In March 1919, John Steinbeck wrote to Maralyn Monroe asking for a signed photograph ‘for his nephew.’ Yes, he really did have a nephew who has confirmed such a letter was written. In his letter the author said that his nephew was already Maralyn’s slave. If he, Steinbeck, could persuade her to send him a signed photo following this request, the teenage boy would be his slave too. Touched by receiving ‘fan mail’ from such a famous author, she kept the letter until she died.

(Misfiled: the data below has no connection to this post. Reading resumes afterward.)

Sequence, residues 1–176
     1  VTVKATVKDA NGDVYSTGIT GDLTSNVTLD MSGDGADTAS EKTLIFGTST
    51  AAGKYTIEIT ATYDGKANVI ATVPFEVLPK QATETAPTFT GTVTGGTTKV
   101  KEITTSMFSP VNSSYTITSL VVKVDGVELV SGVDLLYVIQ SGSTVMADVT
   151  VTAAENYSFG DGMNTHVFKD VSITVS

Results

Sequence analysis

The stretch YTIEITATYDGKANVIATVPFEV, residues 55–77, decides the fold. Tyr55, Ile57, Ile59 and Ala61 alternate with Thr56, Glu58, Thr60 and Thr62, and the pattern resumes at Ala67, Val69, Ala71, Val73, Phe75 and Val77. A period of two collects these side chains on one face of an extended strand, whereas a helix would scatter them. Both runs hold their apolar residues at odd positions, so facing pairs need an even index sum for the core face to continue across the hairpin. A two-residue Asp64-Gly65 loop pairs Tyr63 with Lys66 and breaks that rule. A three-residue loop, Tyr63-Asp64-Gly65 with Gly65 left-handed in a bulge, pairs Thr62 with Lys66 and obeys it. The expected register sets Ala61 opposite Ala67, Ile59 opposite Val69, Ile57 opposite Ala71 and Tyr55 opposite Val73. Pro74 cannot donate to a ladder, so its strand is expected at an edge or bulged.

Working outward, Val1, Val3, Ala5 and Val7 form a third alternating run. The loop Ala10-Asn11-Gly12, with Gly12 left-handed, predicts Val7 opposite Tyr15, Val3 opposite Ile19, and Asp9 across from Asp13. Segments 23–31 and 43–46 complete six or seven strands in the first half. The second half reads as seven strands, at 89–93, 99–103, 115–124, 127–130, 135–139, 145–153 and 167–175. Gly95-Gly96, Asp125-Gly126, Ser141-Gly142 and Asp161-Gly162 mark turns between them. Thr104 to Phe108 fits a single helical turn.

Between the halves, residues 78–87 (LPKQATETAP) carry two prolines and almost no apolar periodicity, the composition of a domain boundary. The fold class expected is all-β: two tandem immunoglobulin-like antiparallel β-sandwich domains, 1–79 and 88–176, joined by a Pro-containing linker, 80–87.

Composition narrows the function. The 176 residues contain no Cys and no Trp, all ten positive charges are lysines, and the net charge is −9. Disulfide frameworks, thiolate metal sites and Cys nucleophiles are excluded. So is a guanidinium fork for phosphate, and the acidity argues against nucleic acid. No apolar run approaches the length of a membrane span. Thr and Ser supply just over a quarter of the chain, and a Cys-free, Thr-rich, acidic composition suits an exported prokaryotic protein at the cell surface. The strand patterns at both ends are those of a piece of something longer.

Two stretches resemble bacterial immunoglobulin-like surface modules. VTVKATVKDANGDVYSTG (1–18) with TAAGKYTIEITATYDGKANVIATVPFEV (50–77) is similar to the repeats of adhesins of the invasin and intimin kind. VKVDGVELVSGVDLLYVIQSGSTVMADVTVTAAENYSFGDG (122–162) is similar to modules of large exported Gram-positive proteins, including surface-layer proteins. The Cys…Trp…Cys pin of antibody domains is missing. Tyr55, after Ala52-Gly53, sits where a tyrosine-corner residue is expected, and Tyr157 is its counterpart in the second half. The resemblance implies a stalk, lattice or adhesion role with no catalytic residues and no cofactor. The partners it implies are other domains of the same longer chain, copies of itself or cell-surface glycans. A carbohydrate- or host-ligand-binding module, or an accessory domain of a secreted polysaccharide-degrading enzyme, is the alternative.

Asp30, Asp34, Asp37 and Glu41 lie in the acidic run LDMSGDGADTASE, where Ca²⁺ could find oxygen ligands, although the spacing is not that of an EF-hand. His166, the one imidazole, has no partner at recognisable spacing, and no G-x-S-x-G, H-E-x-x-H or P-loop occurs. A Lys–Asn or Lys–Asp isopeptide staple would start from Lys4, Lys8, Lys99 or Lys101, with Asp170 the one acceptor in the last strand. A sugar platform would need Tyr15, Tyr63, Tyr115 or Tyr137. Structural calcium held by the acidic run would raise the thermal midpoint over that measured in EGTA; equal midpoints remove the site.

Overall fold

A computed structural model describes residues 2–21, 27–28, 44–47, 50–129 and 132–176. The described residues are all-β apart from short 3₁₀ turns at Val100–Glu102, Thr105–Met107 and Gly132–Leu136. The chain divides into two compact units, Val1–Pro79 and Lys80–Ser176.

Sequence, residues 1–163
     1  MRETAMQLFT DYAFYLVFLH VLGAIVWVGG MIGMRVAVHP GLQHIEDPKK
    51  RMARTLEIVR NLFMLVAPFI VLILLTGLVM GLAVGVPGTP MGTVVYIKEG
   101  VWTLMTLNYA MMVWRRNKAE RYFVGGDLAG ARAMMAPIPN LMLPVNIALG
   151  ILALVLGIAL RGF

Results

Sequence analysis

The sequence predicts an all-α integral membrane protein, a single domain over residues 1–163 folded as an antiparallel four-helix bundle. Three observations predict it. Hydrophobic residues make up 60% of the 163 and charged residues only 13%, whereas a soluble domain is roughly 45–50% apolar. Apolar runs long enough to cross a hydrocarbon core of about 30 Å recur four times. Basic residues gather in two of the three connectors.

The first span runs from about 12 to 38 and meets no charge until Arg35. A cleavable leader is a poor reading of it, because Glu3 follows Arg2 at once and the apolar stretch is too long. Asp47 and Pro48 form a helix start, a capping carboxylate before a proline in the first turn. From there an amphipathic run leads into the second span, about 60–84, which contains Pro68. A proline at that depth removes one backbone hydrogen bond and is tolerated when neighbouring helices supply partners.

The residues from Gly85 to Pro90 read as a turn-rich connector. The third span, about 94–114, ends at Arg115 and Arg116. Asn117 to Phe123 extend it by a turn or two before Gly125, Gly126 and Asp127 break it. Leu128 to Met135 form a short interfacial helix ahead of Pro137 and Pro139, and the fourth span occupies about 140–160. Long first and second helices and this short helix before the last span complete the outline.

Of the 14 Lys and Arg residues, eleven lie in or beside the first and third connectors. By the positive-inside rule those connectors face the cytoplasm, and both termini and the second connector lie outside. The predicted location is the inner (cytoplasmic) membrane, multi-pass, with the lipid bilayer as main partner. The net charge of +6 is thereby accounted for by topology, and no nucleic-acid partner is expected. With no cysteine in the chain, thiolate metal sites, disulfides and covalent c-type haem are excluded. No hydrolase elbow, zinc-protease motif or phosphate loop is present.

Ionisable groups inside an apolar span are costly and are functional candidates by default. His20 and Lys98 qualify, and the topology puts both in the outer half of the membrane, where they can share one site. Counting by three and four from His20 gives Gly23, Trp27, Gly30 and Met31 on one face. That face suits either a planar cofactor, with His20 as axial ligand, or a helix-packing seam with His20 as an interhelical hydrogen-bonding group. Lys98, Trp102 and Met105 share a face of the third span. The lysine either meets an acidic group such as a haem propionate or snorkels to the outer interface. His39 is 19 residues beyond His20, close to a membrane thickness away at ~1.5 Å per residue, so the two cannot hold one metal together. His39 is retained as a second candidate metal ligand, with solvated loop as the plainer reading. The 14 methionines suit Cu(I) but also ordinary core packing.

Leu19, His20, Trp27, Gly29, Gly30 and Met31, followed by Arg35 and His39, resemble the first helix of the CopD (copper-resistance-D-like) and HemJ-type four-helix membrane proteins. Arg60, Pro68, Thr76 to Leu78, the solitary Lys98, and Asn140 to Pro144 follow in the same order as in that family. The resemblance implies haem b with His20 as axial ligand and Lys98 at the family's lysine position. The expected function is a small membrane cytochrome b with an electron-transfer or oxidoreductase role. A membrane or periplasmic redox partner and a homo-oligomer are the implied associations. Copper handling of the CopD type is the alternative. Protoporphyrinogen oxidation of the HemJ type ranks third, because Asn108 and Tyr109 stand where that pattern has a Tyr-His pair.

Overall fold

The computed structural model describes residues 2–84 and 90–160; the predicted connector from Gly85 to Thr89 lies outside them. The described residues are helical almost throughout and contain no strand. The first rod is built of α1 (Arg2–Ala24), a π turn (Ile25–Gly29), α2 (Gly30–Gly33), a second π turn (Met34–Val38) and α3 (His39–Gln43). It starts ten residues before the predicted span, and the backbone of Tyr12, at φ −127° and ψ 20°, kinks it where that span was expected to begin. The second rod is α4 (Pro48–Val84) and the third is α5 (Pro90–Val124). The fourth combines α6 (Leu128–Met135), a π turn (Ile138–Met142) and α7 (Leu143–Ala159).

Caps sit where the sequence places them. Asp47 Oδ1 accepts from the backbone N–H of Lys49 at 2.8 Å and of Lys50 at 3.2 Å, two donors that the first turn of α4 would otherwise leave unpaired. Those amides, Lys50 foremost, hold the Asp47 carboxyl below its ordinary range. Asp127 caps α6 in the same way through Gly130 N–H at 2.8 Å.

Apart from his acclaimed books – Cannery Row, of Mice and Men, The Grapes of Wrath, East of Eden, Steinbeck was a noted and stylish letter writer. He was not averse either to giving advice to aspiring writers. Below are his six most famous writing tips. All are surprisingly straightforward and practical – you don’t need to be struggling to pen the next Great American Novel to find them useful – although I do find the second tip harder to keep to than the others. I have a few works [not] in progress where the early chapters have been revised into a premature death.
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